Interestingly most of these executives believed that their companies were spending the appropriate amount on innovation and it was not a matter of just increasing budgets to solve their innovation challenges but, instead, was more around the organization’s ability or capability around innovation.

Companies that develop capability in all four drivers of the Innovation Performance Framework® achieve superior innovation results.

Innovation is Complex

 Innovation is not a simple undertaking in most companies. In fact, it is maybe one of the most complex things that an organization tries to do. Innovation is not standard and every major project is different. Combine this with the multiple different functions that touch an innovation project from start to finish and you have organizational complexity on a grand scale.

Consider a typical new product project in your own company and trace how many different functions and people are actually involved in some form from the  time the idea is first born through development, manufacturing/ operations and eventually commercial- ization. It is not just an R&D project and it is not just R&D people that are involved. You will be surprised by how many actual touch points there are.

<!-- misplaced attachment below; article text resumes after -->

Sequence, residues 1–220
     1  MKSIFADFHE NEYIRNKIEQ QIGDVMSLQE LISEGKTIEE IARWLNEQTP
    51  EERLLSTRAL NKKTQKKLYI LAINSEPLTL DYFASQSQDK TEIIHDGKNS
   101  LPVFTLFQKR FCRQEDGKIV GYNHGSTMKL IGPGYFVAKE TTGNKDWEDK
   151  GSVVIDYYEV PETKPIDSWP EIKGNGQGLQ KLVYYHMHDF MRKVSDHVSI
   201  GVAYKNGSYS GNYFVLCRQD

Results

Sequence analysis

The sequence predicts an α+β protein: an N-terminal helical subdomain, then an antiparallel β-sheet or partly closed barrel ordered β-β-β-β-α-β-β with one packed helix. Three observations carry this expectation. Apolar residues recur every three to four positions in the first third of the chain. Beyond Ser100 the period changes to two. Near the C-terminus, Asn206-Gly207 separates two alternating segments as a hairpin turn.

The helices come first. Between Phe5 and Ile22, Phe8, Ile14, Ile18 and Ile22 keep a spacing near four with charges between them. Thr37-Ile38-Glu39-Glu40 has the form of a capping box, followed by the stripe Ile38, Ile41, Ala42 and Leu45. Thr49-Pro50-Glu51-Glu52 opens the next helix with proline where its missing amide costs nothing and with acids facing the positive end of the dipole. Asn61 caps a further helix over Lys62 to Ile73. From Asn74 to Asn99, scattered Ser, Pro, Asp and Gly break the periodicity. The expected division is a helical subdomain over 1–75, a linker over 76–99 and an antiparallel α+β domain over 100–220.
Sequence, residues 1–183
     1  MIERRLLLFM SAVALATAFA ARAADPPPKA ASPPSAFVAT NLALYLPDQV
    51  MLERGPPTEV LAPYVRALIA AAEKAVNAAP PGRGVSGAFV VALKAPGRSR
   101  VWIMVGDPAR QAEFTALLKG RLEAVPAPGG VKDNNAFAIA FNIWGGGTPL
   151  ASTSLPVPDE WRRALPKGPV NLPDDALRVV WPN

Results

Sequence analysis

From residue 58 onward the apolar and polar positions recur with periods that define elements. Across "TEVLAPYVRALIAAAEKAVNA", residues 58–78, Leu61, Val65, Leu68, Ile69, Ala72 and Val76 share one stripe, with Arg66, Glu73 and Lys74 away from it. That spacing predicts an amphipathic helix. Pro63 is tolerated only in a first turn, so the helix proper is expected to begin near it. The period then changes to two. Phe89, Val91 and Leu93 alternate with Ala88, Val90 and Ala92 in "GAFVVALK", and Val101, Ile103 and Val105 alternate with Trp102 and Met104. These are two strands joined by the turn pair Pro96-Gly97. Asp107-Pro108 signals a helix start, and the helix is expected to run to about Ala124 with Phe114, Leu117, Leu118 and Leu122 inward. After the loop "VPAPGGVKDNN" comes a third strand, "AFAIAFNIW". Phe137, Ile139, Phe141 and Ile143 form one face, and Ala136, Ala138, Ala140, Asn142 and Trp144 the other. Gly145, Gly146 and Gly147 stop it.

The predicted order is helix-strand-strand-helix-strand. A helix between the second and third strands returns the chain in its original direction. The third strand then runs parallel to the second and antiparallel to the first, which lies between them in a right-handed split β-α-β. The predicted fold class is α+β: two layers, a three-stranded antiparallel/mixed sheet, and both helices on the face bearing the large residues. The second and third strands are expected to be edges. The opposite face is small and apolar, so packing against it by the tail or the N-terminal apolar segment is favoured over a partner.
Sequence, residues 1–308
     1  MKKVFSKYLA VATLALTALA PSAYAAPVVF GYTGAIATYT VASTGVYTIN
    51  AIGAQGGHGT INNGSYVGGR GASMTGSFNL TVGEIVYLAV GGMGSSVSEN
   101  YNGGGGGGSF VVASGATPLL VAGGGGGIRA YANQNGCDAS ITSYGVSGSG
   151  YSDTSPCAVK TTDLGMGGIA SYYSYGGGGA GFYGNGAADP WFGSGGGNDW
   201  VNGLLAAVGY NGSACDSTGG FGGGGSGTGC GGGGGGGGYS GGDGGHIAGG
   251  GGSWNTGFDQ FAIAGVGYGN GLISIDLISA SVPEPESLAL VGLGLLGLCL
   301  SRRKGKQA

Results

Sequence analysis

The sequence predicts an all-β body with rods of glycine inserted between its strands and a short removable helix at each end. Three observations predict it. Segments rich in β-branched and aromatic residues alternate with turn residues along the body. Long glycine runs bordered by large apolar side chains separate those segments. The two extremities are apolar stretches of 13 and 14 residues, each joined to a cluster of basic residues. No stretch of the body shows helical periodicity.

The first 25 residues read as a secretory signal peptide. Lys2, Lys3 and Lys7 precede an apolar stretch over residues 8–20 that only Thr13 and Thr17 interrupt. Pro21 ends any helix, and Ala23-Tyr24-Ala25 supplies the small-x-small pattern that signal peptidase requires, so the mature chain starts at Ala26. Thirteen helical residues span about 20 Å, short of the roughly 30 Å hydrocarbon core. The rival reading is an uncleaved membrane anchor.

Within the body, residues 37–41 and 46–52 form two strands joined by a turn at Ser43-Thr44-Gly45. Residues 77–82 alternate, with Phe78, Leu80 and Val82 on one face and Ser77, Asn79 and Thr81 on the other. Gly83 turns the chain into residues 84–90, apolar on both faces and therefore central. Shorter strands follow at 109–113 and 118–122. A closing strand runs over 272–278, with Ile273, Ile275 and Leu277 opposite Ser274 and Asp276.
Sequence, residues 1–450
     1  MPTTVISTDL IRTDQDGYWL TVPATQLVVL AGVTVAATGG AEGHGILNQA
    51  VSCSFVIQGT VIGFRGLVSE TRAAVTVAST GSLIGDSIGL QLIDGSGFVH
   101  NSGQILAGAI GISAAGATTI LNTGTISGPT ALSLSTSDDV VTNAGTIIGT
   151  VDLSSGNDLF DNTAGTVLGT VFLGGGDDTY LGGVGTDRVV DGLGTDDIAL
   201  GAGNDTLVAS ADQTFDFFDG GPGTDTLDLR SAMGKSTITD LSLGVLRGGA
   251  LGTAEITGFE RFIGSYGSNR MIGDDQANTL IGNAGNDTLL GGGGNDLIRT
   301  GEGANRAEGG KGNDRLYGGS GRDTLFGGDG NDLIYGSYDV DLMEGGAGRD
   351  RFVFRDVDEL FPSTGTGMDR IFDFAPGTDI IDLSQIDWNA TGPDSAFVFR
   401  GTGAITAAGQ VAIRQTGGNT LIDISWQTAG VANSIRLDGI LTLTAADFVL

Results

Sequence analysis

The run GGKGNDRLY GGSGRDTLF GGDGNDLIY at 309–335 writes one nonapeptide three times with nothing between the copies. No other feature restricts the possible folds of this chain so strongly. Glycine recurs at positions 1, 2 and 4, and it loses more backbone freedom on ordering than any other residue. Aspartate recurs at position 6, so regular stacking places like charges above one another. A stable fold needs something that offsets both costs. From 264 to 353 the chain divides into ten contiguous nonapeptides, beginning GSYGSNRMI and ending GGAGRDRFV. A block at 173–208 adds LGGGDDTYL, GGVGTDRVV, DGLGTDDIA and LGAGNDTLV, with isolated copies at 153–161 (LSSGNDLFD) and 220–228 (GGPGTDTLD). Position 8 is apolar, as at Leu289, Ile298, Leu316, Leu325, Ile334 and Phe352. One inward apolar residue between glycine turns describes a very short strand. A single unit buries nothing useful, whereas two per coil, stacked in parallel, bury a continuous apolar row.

Some companies have worked hard to figure this complexity out and have created internal processes to ensure that projects do not get bogged  down  in internal complexities. Other companies still find this a major challenge and it is no wonder they have serious speed to market problems. Many seasoned executives argue that innovation is perhaps one of the hardest things to do well in the company, yet it is one of the strongest drivers of future revenue for the company.

Driving Innovation

To be successful at innovation the consensus among these executives was that multiple events need to be in place at the same time. It is not a quick fix but instead the steady and consistent approach to constantly raising the performance bar.

The four key drivers are:

  • A well-crafted innovation strategy that is widely communicated throughout the organization
  • A managed approach to both strategic and tactical portfolio management to ensure that the pipeline is supporting the strategy with the right level of risk and with the right mix of projects
  • A well defined, enabling idea-to-launch process that is widely adopted throughout the organization.
  • A culture and leadership throughout that clearly embraces and supports real innovation.

Recent benchmarking results confirm that each of these four drivers of innovation heavily impact performance levels within the organization.1

Is your organization ready to be a top performer in innovation capability? Are you leveraging a proven framework for innovation to deliver the performance results you desire? Innovation capability in an organization does not happen by chance; instead it is the result of a dedicated and committed senior management team that understands the importance of innovation and its impact on top-line revenue growth.


  1. Scott J. Edgett, “Innovation: A Critical Capability” The European Business Review. January – February 2014, pp. 10-12

For more information, visit www.stage-gate.com or email: [email protected]